18-20 October 2022
Europe/Amsterdam timezone

JUICE (JUpiter ICy moon Explorer) thermal model correlation and final flight thermal predictions

20 Oct 2022, 09:30


thermal design (for platforms, instruments etc.) Thermal Design


Romain PEYROU-LAUGA (ESA) Mr Gabriel ROCA (Airbus Defence and Space)


JUICE - JUpiter ICy moons Explorer - is the first large-class mission in ESA's Cosmic Vision 2015-2025 programme. Planned for launch in 2022 and arrival at Jupiter in 2031, it will spend at least three years making detailed observations of the giant gaseous planet Jupiter and three of its largest moons, Ganymede, Callisto and Europa.
The JUICE spacecraft will carry the most powerful remote sensing, geophysical, and in situ payload complement ever flown to the outer Solar System. The payload consists of 10 state-of-the-art instruments.
JUICE spacecraft thermal control has to cope with a large variation of external environment during the mission (Sun flux from 3323 W/m² in the inner Solar System down to 46 W/m² in Jovian environment) and long eclipses of up to 4.8 hours.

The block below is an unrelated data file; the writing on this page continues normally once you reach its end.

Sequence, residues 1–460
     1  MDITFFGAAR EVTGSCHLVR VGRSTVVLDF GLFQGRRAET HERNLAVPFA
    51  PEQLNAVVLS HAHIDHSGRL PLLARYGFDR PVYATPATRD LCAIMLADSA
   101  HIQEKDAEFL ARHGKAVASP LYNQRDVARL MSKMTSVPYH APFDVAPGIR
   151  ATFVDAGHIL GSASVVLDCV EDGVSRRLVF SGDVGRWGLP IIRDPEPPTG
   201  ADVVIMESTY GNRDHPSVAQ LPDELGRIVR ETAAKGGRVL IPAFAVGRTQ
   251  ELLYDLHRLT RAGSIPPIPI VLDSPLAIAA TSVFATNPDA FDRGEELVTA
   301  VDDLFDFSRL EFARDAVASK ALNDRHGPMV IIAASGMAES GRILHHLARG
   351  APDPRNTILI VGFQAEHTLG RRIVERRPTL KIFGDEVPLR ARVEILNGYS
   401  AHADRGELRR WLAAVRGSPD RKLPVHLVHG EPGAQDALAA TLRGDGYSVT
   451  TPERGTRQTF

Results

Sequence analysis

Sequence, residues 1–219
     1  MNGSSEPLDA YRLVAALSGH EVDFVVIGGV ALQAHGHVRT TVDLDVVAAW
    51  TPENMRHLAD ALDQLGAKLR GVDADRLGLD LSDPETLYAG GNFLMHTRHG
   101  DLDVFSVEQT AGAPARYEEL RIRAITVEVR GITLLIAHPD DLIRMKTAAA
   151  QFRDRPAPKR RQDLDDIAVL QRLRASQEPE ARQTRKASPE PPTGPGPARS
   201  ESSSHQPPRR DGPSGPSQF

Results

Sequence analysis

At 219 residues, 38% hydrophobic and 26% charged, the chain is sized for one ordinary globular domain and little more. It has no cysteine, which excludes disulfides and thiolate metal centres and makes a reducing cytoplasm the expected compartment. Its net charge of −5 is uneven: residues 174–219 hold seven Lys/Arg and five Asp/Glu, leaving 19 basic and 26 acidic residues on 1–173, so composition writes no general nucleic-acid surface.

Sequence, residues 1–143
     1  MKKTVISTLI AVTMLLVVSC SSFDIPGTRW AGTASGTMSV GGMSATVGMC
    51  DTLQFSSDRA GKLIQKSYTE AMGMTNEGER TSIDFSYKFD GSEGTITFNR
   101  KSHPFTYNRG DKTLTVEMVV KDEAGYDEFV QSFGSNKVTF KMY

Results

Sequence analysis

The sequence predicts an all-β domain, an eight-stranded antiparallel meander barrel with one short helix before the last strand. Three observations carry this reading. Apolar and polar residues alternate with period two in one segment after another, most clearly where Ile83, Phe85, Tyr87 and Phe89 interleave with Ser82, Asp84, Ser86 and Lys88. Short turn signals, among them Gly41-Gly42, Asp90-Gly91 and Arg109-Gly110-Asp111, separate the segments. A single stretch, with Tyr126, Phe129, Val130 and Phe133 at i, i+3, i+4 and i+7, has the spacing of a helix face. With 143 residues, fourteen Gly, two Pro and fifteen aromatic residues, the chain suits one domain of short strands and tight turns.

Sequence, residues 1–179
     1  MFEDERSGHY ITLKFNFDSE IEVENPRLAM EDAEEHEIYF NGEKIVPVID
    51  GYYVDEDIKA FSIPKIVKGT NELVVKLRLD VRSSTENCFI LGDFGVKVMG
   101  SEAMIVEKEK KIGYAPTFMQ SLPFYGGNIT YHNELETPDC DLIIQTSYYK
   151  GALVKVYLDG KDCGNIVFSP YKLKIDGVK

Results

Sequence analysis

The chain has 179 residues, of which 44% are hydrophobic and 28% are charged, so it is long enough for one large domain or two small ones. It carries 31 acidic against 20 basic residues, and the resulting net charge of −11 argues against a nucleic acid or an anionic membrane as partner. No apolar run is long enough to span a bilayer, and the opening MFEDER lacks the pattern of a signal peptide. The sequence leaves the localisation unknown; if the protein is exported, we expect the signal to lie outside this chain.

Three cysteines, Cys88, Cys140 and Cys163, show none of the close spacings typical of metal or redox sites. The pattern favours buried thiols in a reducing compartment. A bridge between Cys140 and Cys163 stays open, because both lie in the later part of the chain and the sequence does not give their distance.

The JUICE thermal control is designed with the objective to minimize the impact of the external environment on the spacecraft through high efficiency Multi-Layer Insulation. Minimizing heating power demand especially during science and communication phases and minimizing hardware mass is a constant concern and solutions are found to build to a maximum extent a robust and passive thermal design supplemented by heaters.
JUICE Spacecraft performed its Thermal Vacuum and Thermal Balance Test in 2021. This presentation will focus on the thermal model correlation after the thermal test and will present the overall final flight thermal predictions.

Primary authors

Romain PEYROU-LAUGA (ESA) Mr Gabriel ROCA (Airbus Defence and Space)

Presentation Materials